Nevertheless, this jobs bill will make a difference in several important ways. First, we will forgive payroll taxes for businesses that hire someone who's been out of work at least two months. That's a tax benefit that will apply to unemployed workers hired between last month and the end of this year. So this tax cut says to employers: If you hire a worker who's unemployed, you won't have to pay payroll taxes on that worker for the rest of the year. And businesses that move quickly to hire today will get a bigger tax credit than businesses that wait until later this year.
This tax cut will be particularly helpful to small business owners. Many of them are on the fence right now about whether to bring in that extra worker or two, or whether they should hire anyone at all. And this jobs bill should help make their decision that much easier. And by the way, I'd like to note that part of what health insurance reform would do is to provide tax credits for over 4 million small businesses so they don't have to choose between hiring workers and offering coverage.
The second thing this bill does is to encourage small businesses to grow and to hire by permitting them to write off investments they make in equipment this year. These kinds of expenses typically take years to depreciate, but under this law, businesses will be able to invest up to $250,000, let's say, in a piece of factory equipment, and write it off right away. Put simply, we'll give businesses an incentive to invest in their own future -- and to do it today.
Third, we'll reform municipal bonds to encourage job creation by expanding investment in schools and clean energy projects. Say a town wants to put people to work rebuilding a crumbling elementary school or putting up wind turbines. With this law, we'll make it easier for them to raise the money they need to do what they want to do by using a model that we've called Build America Bonds -- one of the most successful programs in the Recovery Act. We'll give Americans a better chance to invest in the future of their communities and of the country.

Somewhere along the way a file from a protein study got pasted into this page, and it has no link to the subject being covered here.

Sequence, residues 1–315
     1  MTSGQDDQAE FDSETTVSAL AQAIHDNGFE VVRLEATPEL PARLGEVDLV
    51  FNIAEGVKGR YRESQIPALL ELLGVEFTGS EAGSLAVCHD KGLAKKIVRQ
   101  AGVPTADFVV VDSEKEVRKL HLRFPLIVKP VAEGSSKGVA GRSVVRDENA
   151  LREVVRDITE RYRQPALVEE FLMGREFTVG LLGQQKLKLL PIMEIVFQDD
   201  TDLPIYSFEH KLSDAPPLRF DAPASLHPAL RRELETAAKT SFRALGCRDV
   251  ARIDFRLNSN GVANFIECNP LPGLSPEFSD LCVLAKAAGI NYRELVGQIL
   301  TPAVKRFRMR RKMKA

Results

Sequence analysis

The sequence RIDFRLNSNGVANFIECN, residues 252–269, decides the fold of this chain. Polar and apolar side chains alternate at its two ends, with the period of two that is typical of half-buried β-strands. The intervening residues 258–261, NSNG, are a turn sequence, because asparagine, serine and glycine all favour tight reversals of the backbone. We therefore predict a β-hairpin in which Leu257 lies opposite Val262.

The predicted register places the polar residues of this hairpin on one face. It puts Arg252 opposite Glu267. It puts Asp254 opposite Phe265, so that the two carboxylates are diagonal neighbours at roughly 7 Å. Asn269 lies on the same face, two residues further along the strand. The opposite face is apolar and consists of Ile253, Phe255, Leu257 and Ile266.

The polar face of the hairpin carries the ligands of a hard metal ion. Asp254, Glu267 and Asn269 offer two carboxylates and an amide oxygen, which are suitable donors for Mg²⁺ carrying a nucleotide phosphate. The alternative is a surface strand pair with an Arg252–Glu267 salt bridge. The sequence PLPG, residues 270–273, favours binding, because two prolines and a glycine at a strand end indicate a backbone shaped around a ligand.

And finally, this jobs bill will maintain crucial investments in our roads and our bridges as we head into the spring and summer months, when construction jobs are picking up.
I want to commend all the members of Congress, and their leadership is what made this bill possible. Many of them are here today. I'm also gratified that over a dozen Republicans agreed that the need for this jobs bill was urgent, and that they were willing to break out of the partisan morass to help us take this forward step for the American people. I hope this is a prelude to further cooperation in the days and months to come, as we continue to work on digging our way out of the recession and rebuilding our economy in a way that works for all Americans and not just some Americans.
After all, the jobs bill I'm signing today -- and our broader efforts to achieve a recovery -- aren't about politics. They're not about Democrat versus Republican. This isn't a game that we're playing here. They're about the people in this country who are out of work and looking for a job; they're about all the Americans -- of every race and region and age -- who've shared their stories with me over the last year.
The single mother who's told me she's filled out hundreds of job applications and been on dozens of interviews, but still hasn't found a job. The father whose son told me he started working when he was a teenager, and recently found himself out of a job for the very first time in his life. The children who write to me -- they're worried about their moms and their dads, worried about what the future holds for their families.
That's who I'm thinking about every morning when I enter into the Oval Office. That's who I'm signing this bill for. And that's who I'm going to continue to fight for so long as I am President of the United States.
So with that, let me sign this bill and let's get to work. (Applause.)